I don't really know what headspace I should be in when I open these articles. I generally want to understand the underlying motivations of the publishers. How are y'all feeling?
Let's not limit it to antitrust issues since it's usually been about privacy, free speech, the rest
I don't trust them to report on tech companies objectively one bit. And why should I? They have a vested interest in presenting negative coverage.
Similar to the exception that already exists for unions.
Read all the threads on HN about the Boeing 737 MAX, many from the same publications writing about Big Tech like the NYT, you never see any commentary about the publications and their motives like you do in the Big Tech threads.
The Occam razor's explanation for the difference is that the reaction to critical coverage when it's about your industry will be different in a predictable way.
NYT, WaPo, WSJ have all done fine while other publications that were founded on the premise of social traffic have gone out of business.
They're destination sites and brands in and of themselves, they don't rely on third party referral traffic.
More that the press does narratives, which are often the creation of, or strongly influenced by, long-term PR campaigns.
My very fuzzy understanding is, atleast after the Microsoft-Google nonaggression pact some years ago, the largest interest pushing the anti-BigTech narrative has been Hollywood, wishing to regulate the lawless internet and reduce tech industry influence.
One thing that's puzzled me, and I'd appreciate any insight, is how Microsoft got dropped from the Big Tech set.
Interesting, though, how their compliance with censoring and filtering etc in China for years barely register compared to the outrage Google gets for even preparing for it.
And thinking about it, Microsoft IS big in social with acquisitions like LinkedIn, Skype and GitHub.
But no one's getting concerned or outraged on those accounts. After being the nemesis for so long, I think they have learned to play this game very well this time around.
Oracle is unpopular, so let's add the noodle shop to compensate. You won't like EU fines, so we say that USA should fine before. Epic photo of the noodles guy. Very nice photo of Yelp people, who wouldn't like to work there?
To be honest, I believe that Google and friends are very dangerous right now. But with all HN limitations, any discussions here is light years deeper than this fluff.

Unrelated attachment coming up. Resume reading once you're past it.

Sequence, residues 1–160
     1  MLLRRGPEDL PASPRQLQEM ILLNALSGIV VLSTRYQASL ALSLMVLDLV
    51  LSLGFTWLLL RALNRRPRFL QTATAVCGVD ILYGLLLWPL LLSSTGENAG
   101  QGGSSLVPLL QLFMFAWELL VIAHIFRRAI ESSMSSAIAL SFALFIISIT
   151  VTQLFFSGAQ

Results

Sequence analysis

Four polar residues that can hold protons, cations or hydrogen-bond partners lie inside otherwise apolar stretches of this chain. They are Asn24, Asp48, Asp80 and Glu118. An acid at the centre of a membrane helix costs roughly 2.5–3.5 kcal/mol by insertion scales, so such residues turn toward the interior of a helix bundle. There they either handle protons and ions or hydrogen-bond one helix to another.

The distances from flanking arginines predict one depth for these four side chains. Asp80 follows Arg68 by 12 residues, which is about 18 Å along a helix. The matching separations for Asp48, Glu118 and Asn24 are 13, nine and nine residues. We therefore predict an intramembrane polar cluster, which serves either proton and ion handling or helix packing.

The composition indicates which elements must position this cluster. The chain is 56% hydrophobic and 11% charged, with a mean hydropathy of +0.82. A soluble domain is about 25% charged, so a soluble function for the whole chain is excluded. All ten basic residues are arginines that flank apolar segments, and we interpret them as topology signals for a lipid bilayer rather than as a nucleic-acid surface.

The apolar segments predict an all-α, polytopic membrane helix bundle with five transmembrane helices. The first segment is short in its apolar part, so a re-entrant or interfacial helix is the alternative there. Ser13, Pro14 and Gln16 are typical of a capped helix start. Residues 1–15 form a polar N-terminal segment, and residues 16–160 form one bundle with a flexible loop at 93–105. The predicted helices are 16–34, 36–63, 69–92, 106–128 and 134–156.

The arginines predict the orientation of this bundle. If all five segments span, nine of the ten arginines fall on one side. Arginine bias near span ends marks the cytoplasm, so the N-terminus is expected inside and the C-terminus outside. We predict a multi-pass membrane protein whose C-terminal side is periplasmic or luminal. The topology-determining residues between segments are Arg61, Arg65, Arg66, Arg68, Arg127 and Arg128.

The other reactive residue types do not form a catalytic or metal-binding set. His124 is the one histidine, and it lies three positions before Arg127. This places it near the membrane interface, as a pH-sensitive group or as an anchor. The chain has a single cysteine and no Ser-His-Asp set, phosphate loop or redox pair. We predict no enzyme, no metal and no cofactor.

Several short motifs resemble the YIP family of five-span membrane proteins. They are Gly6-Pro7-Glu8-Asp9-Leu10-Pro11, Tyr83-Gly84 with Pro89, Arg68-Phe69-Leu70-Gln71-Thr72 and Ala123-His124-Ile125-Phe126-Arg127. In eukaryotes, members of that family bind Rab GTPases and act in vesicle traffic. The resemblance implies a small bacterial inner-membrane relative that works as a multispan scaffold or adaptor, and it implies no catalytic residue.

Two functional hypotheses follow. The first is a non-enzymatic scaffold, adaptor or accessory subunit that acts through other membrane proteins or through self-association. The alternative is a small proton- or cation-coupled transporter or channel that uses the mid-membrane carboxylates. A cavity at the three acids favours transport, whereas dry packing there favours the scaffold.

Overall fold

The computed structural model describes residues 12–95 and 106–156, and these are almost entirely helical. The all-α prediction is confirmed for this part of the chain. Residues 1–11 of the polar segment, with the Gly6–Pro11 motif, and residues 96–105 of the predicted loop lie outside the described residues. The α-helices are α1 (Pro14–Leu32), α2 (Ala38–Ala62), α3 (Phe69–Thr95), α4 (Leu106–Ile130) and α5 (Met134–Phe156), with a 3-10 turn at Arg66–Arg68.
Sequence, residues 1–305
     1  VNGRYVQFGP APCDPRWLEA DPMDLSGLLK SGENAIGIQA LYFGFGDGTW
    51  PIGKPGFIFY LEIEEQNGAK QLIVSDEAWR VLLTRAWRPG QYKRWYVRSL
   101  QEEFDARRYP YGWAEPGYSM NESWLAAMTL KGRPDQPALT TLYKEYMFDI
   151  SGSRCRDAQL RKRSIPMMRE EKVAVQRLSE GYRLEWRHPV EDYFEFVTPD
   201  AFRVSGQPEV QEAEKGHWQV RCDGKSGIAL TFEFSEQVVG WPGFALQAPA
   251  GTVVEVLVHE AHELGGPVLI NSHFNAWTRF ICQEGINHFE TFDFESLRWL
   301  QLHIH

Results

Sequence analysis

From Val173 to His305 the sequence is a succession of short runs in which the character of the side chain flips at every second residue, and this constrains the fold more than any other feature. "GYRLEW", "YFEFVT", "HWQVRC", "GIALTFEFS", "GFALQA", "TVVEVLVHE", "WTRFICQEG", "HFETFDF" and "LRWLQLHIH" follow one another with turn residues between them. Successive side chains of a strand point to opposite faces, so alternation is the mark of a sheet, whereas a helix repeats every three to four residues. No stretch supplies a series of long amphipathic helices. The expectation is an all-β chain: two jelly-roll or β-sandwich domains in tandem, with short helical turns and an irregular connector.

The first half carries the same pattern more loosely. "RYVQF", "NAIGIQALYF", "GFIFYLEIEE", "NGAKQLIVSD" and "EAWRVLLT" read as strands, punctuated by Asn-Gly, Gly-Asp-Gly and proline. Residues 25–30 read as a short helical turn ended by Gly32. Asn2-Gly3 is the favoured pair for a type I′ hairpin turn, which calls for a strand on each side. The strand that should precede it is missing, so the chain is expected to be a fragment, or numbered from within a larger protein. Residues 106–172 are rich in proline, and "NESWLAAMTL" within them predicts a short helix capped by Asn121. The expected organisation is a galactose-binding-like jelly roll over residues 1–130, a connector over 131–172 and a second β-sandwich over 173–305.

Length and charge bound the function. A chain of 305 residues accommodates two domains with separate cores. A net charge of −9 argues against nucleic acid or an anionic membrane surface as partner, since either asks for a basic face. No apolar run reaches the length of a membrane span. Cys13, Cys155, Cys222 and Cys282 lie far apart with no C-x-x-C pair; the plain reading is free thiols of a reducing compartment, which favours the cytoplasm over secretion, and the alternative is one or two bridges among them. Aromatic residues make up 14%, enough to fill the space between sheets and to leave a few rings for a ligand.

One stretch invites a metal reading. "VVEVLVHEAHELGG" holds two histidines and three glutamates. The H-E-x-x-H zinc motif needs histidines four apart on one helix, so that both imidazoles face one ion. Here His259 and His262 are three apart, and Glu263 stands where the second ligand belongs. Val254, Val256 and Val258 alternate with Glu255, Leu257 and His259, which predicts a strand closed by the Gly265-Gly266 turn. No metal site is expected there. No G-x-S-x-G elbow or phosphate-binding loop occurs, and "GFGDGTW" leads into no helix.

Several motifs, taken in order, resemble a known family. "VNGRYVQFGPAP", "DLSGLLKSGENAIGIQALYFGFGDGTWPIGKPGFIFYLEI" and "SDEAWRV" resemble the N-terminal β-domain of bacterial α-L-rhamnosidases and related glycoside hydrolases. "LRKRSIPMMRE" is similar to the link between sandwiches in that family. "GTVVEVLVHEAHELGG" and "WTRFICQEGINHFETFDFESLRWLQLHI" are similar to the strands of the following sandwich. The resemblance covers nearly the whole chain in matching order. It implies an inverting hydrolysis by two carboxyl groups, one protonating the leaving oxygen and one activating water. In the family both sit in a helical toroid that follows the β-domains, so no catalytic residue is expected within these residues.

Neither party here is guided by principles about monopolistic business practices.
Regulating monopolistic business practices is incredibly difficult to achieve in even a stable regulatory climate by genuinely interested lawmakers and regulators. In a White House environment driven primarily through personal animus, this shares vastly more in common with a shake-down than with small-business emancipation.
So he wants the free traffic but not to pay for it in any way?
Ah, the "i want my cake and to eat it too" argument. A classic
If people are specifically looking for his business he doesn’t want the competitors business to be able to buy an ad that pops up before the user searching for his business.
That has nothing to do with wanting free traffic for nothing. This guy has likely already built a website that is optimized for google search, likely uses paid gmail/google apps, probably registered all his info in google maps...that’s a lot of free data entry for google so their product is better and some of those business services are paid.
So now that you use their paid services and probably paid for web development/SEO up to Google’s lastest standards, your business comes up #1 on google searches...and they sell an ad before your result.
There is no great real world example, but imagine you have a brick and mortar and sign a commercial lease in a shopping center, then the landlord rents signage in front of your sign to a competitor. Of course he’d always be happy to rent you the 2nd signage if you beat your competitors bid.
Imagine if when people called your restaurant to make a reservation the phone company had someone else answer the phone first and suggest you try a different restaurant.
No metaphor is perfect but that’s pretty reasonable. Conceptually Google is some kind of an amalgamation of a common carrier and natural regulated monopoly at this point and should be treated as such.
>Strowger, an undertaker, was motivated to invent an automatic telephone exchange after having difficulties with the local telephone operators, one of whom was the wife of a competitor. He was said to be convinced that she, as one of the manual telephone exchange operators, was sending calls "to the undertaker" to her husband.
Yellow Pages would be more like googling "<cuisine> Restaurant in <town>", in which case displaying with all your competitors is much more reasonable.